Business Notebook

November 4, 2013 

Local & State

Midlands

Columbia’s bond rating reaches AA-plus

Columbia’s bond rating by Standard & Poor’s rose to the highest score for taxpayer-backed bonds, the city manager announced Monday. The city’s rating for general obligation bonds is now AA-plus, up from AA, Teresa Wilson said in a news release. S&P was able to accurately assess the city’s strengths and challenges that lay ahead, the news release states. While room for improvement exists, Standard & Poor’s upgrade stands as acknowledgement that the city of Columbia is on the right path. “We are very proud of the increased general obligation rating from Standard & Poor’s,” Wilson said. “This rating will yield a solid fiscal position for Columbia as we navigate our future opportunities within the financial industry.”

Nation & World

Student loan borrowers to be told of repayment options

The Education Department says it will begin reaching out by email this month to about 3.5 million federal student loan borrowers. They will be encouraged to learn more about their repayment options, especially whether they qualify for an income-based repayment plan. The department says many borrowers will qualify if their federal student loan debt exceeds their annual income. For those who qualify, their initial payment could be as low as nothing a month. Under such a plan, loans are paid off over a longer period of time so the total amount increases, but the monthly payment amount is reduced.

Kellogg cutting global workforce 7 percent

Kellogg is planning to cut its global workforce by 7 percent as the maker of Frosted Flakes, Rice Krispies and Special K struggles to convince Americans to eat more cereal. The company, which also makes Pop Tarts and Eggo waffles, also said Monday it expects earnings per share for the year to be toward the lower end of its previous projection as a result of weaker-than-expected sales. According to FactSet, Kellogg has 31,000 employees, suggesting the company plans to cut about 2,170 jobs.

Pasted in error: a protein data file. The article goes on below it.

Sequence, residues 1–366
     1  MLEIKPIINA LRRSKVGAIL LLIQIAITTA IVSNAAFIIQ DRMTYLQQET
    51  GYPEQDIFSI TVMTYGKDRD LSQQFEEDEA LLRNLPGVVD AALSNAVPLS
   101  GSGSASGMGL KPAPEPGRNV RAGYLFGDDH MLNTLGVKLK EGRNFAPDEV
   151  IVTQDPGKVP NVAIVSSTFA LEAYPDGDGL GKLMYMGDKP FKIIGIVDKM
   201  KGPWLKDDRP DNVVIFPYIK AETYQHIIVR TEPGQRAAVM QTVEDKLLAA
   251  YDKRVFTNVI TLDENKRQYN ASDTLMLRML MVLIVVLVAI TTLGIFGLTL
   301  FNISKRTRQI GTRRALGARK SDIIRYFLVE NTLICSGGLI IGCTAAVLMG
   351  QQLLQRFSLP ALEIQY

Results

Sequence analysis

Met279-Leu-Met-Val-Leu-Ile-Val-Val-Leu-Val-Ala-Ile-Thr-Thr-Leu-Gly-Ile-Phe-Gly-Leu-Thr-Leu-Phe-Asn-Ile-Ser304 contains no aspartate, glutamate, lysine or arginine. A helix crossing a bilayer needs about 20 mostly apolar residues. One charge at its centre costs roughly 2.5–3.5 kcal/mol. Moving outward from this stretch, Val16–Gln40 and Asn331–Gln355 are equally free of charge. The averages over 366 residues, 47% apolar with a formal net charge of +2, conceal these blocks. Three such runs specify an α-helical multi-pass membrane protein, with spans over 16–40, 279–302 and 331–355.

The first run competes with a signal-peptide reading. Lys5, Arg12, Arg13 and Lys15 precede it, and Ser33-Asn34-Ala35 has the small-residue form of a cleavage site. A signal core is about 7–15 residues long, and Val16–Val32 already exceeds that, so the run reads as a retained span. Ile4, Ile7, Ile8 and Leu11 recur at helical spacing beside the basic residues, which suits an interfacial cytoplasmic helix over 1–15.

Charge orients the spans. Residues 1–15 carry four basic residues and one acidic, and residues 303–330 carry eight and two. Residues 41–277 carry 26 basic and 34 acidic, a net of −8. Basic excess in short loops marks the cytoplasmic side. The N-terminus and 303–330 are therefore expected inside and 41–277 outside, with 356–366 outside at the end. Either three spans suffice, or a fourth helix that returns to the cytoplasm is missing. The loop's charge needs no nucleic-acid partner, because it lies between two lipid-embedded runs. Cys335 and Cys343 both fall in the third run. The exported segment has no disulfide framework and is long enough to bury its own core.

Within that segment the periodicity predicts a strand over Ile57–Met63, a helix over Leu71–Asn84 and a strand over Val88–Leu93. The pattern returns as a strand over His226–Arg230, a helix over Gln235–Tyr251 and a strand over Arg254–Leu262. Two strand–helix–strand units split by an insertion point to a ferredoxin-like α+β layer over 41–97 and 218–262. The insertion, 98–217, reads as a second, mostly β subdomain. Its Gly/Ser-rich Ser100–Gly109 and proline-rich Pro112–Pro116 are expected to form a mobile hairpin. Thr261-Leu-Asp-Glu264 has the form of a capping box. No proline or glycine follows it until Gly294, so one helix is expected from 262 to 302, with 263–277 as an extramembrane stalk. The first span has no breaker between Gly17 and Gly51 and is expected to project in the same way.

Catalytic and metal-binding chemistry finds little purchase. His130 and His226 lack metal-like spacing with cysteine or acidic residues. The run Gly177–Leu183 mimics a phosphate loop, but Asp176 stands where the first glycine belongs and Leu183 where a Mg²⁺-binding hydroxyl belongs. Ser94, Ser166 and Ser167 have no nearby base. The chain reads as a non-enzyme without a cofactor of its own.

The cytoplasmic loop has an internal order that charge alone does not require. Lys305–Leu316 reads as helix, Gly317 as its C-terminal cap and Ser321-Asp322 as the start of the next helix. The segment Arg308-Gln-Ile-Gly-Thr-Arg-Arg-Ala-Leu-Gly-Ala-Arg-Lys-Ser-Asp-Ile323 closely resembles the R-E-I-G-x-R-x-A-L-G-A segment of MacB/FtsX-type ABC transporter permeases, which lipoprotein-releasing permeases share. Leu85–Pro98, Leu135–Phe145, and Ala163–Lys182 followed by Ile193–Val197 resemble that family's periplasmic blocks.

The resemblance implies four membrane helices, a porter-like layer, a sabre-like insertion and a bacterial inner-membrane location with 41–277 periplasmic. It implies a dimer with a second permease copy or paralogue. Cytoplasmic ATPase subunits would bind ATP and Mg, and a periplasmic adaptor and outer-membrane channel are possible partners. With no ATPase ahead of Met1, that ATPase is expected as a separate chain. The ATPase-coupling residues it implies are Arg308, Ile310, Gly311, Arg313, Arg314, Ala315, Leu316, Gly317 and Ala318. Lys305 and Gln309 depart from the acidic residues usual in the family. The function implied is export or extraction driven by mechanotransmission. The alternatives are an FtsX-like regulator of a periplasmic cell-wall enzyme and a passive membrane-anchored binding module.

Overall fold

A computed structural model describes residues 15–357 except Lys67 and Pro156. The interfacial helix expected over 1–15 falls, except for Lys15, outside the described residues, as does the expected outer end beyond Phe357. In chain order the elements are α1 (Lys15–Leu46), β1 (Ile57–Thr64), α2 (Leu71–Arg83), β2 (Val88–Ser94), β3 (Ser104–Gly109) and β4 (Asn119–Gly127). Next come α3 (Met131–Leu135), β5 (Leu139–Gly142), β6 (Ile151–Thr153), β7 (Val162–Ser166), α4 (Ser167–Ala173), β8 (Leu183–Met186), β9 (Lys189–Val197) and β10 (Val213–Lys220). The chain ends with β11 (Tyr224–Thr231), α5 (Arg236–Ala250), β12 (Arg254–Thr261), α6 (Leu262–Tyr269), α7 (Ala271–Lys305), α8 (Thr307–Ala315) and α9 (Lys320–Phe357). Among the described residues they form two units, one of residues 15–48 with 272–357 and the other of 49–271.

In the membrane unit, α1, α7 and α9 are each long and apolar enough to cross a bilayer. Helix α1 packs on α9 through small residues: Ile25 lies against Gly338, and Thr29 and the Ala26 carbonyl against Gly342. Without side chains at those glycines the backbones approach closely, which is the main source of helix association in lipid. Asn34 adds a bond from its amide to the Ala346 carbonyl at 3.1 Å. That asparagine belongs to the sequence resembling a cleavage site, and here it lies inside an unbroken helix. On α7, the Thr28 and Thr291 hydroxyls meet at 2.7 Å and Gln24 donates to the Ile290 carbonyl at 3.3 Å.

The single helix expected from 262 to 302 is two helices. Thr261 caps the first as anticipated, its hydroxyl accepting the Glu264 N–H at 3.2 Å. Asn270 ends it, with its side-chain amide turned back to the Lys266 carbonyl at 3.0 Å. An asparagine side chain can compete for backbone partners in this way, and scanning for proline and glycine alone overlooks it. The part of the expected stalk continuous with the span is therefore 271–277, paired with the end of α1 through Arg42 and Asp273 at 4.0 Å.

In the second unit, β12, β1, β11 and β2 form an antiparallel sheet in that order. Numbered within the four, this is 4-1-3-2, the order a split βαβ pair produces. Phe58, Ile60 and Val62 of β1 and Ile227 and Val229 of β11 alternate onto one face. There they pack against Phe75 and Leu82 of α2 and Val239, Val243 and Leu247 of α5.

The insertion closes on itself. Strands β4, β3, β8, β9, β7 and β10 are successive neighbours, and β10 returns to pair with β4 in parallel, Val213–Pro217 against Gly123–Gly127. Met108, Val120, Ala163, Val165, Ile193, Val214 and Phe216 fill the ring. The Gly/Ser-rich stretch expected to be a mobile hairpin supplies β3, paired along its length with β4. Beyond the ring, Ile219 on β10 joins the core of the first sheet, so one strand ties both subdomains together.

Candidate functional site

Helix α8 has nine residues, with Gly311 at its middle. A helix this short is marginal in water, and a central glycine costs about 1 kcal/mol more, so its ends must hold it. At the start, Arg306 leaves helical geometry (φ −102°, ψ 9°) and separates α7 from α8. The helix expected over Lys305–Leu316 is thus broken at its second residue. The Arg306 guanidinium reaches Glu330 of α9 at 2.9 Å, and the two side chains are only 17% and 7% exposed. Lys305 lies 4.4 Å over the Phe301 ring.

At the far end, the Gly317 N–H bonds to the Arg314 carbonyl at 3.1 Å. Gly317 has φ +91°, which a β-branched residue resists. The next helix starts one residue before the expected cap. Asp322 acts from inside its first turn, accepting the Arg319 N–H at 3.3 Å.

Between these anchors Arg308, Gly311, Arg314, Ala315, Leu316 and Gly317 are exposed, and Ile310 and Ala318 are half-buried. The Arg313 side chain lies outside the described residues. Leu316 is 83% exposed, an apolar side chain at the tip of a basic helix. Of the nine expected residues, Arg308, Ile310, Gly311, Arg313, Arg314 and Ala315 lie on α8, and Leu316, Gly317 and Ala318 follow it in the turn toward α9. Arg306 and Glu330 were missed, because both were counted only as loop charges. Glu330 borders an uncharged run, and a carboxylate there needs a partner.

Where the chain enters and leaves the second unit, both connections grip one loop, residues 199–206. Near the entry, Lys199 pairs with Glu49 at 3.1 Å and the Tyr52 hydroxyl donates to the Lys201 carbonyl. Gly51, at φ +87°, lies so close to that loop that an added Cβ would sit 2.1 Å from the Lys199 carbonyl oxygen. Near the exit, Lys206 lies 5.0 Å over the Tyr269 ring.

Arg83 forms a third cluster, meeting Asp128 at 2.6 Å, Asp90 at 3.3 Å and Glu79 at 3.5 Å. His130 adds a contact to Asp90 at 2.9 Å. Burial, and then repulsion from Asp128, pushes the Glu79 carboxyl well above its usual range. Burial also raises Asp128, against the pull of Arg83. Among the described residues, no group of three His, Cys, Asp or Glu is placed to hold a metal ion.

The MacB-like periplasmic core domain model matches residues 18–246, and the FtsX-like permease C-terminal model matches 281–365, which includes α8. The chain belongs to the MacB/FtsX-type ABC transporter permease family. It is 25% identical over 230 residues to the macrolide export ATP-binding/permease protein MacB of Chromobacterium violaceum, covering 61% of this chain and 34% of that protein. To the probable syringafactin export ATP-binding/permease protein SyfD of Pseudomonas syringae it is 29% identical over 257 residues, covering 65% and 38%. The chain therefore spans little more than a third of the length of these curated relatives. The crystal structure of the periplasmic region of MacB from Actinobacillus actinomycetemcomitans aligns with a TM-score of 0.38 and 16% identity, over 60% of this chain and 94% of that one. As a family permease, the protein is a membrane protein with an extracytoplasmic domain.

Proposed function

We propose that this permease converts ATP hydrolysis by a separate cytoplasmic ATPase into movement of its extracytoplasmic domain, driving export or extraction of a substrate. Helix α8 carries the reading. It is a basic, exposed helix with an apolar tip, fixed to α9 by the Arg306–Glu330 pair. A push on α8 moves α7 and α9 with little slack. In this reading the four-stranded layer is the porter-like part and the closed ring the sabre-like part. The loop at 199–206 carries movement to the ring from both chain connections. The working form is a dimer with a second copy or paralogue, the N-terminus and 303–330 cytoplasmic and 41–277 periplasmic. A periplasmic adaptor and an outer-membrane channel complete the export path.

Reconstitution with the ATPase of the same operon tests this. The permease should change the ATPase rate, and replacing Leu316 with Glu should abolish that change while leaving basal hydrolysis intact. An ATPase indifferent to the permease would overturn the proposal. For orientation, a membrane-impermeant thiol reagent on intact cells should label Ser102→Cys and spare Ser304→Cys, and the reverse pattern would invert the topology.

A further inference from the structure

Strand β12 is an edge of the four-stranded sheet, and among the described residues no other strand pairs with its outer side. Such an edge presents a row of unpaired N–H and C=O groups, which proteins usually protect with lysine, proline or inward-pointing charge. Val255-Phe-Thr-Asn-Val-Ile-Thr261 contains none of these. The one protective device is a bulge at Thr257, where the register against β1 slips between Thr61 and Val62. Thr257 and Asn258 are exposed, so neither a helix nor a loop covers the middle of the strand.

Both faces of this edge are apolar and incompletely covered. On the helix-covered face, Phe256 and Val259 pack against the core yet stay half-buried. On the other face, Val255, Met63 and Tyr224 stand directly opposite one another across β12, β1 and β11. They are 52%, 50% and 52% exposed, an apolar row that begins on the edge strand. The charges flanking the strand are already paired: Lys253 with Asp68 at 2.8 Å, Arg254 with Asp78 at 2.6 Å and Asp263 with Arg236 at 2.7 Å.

Carnival making changes in management team after mishaps

Carnival is shaking up its management team in an effort to rebuild after several mishaps drove passengers away. The company said Monday that its chief operating officer will take on a new role as special adviser to the CEO and chairman. It also named a new CEO for its Holland America unit and a new president of Princess Cruises. Carnival named a new CEO in June. The Miami-based company has been struggling with weaker revenue since the February breakdown of the Carnival Triumph, which stranded passengers for five days in the Gulf of Mexico -- followed by two other ships having to be towed back to port.

Bumper corn crop prompts poultry farms to expand chicken production

The biggest-ever U.S. corn harvest is spurring poultry farms to expand chicken production, sending domestic supplies of the meat to a record and cutting costs for buyers from Costco Wholesale to McDonald’s. Corn fell 50 percent from its peak during last year’s U.S. drought, boosting profit for poultry producers and expanding supplies of broiler meat expected to reach a record this year.

Clif LeBlanc, The Associated Press and Bloomberg News contributed.

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